The last big one

Split speeds and HR

Gotta post the “lows” as well as the “highs”. I set out today to run 3 hours, the second hour at goal pace and the third hour was supposed to be faster than goal pace. I tried to do it when it was hot out. It was really hot out. I made a route that looped past my house twice so I could drink and reload on fuel, and I selected a course that was hilly for the middle third, just like the race-course in Penticton. There were some successes despite the obvious discrepancy between reality and where the “goal line” is indicating what my average pace should have done if I would have been running exactly 5:00min/kms after the first hour.

Successes on an unsuccessful day:

  • I ran my second longest run of my life. (34.3kms)
  • I had zero cramping whatsoever.
  • I had a totally overwhelming urge to quit and lay down at 26.5kms. I had been really pushing it for the first 20 minutes of that third hour and was holding my splits under a 5:10 pace, which was already not on track for what I was supposed to be doing, but was at least relatively close. My HR was rising though and I was getting pretty close to total detonation. I am pretty proud to announce that I didn’t stop and lay down under a tree. I was able to negotiate myself into slowing down a bit, getting my HR back down closer to 160bpm for 2kms and feeling much better about my situation. The miracle here was that even though I felt like I was totally throwing the run out the window it was only costing me about 10 seconds per 500m split. From there I got back on track a bit better and did what I’d consider acceptable running through to the end. Giving up some time during that mini recovery section made all the difference and I got back on the bandwagon before the end of the run.
  • DeSoto Coolwings work well when you can keep them wet, especially with cool water. They are a liability if you can’t keep them wet. And they’re about equivalent to having nothing if you’re pouring warm water on them. Luckily in the race, I have essentially unlimited access to water and ice to tuck into them.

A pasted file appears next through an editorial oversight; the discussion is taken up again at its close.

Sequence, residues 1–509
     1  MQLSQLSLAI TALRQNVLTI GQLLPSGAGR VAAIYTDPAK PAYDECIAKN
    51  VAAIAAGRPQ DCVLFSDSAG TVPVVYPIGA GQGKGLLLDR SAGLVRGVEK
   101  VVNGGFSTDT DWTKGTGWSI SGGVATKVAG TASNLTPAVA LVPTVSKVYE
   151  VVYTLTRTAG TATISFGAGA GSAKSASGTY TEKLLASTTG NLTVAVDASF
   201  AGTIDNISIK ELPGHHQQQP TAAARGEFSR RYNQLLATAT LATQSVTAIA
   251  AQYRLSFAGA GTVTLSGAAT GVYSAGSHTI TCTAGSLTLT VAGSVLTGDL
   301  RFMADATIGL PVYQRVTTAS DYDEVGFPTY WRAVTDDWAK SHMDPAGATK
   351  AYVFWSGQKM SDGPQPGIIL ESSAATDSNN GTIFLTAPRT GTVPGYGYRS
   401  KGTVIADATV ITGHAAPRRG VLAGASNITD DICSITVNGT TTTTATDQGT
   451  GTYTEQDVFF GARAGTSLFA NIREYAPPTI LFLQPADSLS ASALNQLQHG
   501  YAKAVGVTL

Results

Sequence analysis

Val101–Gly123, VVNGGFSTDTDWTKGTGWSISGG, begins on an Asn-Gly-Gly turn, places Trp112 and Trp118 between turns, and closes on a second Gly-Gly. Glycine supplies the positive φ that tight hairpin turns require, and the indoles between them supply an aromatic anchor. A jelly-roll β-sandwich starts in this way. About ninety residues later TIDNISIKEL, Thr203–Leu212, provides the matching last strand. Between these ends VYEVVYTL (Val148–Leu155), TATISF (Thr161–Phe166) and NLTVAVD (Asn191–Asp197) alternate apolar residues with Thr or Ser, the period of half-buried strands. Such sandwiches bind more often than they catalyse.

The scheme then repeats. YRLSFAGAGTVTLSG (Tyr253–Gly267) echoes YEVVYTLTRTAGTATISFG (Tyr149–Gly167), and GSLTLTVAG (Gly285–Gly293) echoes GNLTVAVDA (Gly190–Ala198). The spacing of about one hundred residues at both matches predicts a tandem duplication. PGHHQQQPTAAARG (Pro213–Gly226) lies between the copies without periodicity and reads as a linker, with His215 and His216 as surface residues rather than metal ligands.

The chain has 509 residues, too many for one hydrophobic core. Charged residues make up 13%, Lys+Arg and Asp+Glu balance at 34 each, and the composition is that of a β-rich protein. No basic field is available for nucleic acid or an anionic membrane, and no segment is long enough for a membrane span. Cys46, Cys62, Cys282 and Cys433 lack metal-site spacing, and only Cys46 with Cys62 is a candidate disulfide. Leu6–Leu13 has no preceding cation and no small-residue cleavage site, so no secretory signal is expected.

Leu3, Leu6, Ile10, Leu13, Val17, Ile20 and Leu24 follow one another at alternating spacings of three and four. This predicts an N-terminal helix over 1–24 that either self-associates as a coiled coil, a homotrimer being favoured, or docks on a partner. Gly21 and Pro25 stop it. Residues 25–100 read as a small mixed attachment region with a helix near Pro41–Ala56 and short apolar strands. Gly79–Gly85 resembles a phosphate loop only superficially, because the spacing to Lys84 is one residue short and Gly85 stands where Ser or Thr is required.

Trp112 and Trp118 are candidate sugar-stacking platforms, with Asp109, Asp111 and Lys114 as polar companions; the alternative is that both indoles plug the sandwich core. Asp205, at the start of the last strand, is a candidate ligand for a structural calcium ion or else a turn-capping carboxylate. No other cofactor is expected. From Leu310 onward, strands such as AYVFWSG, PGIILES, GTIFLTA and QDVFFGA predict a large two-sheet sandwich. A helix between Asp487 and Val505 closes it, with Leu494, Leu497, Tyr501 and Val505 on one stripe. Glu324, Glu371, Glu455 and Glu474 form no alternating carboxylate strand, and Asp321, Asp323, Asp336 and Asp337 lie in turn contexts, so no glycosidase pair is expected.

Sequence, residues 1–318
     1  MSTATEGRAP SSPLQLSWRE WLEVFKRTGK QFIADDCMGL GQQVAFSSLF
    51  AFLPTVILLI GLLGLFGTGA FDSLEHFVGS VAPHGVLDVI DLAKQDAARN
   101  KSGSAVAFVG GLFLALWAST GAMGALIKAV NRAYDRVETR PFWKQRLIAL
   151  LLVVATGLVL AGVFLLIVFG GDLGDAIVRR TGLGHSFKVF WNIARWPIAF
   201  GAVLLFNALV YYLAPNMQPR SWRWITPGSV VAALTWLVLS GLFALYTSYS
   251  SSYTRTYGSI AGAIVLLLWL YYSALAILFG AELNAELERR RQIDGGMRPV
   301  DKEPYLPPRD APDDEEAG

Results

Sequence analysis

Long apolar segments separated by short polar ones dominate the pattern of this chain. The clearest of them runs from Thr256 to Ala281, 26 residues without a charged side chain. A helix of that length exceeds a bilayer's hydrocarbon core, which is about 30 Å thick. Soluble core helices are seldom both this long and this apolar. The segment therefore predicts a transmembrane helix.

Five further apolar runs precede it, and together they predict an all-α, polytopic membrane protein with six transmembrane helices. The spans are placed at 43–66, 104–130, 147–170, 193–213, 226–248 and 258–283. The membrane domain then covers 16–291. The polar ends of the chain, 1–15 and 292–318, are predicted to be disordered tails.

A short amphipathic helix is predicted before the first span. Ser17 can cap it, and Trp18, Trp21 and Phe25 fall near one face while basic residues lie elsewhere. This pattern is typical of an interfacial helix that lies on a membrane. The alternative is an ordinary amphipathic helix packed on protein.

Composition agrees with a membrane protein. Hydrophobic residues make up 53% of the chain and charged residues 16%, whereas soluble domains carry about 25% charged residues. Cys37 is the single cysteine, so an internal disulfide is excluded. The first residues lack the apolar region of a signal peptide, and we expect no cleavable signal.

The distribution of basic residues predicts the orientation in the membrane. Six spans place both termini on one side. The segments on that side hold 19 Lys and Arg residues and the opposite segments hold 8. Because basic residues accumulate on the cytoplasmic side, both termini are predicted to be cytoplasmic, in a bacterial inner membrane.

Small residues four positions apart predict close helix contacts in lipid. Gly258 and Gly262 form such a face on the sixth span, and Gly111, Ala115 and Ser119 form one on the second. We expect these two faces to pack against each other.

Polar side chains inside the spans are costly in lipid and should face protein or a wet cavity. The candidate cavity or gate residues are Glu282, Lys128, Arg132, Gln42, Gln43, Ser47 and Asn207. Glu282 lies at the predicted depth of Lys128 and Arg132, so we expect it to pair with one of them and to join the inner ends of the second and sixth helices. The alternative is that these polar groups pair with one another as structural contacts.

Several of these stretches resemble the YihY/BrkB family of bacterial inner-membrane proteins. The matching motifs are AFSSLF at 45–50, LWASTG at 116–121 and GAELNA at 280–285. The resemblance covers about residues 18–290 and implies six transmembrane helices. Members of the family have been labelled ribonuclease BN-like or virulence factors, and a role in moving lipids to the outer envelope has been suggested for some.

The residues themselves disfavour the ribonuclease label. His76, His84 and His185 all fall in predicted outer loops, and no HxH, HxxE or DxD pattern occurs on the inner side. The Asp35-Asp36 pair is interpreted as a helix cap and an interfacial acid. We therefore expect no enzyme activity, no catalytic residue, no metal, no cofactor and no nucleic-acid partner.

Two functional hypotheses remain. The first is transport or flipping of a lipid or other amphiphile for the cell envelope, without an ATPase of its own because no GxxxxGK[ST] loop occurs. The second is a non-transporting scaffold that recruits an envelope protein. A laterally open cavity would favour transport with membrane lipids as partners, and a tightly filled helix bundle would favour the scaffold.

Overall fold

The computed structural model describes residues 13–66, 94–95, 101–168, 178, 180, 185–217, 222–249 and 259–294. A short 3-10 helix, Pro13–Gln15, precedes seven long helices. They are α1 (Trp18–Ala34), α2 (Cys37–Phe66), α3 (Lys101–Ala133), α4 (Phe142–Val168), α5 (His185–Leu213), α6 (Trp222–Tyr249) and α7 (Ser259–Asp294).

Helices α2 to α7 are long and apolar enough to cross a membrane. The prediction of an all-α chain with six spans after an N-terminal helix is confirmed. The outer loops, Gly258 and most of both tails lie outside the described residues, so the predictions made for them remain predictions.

• I was able to tell my body to run fast on the downhills during the middle hilly section. Despite not hitting pace on the uphills I was making up for it by cruising the downhills with good speed, these sections of the run probably are contributing the most to my post-run aches and pains, but I have the confidence to run fast downhill when I can, I don’t think I need to prove this to myself anymore before the race, but it was good to do so today. I suffer a lot lugging my 85kgs up the hills so I need to capitalize where I can use that weight to my advantage. I attribute this to putting a lot of focus on fast turnover this past year and often brick running at 0% gradient on the treadmill during the winter when I was forced to be inside.
  • I could eat whatever I wanted despite the hot temperatures and high heart rates. I also noted that I can drink about 500mls in one go without making the stomach contents slosh beyond what is an acceptable level of uncomfortable. I didn’t run out of energy at all, or at least I was so preoccupied with being hot, and the high effort level to keep going that I felt like I had lots of energy.
  • My hip flexors and quads were not phased at all by this run… historically they did the most complaining when I did big runs. This time it was the hamstrings that led the revolt after I wrapped it up.
  • My racing shoes felt good up to 34kms so I’ll use them at Ironman instead of my more robust daily training shoes to loose a hundred grams off each foot. The longest I’d run in them had been 21kms previously so I wasn’t sure if I’d want the extra padding or not: I don’t.
  • My chin wasn’t hot at all and I’m not cutting my goatee. I do need a haircut because my head was baking though.
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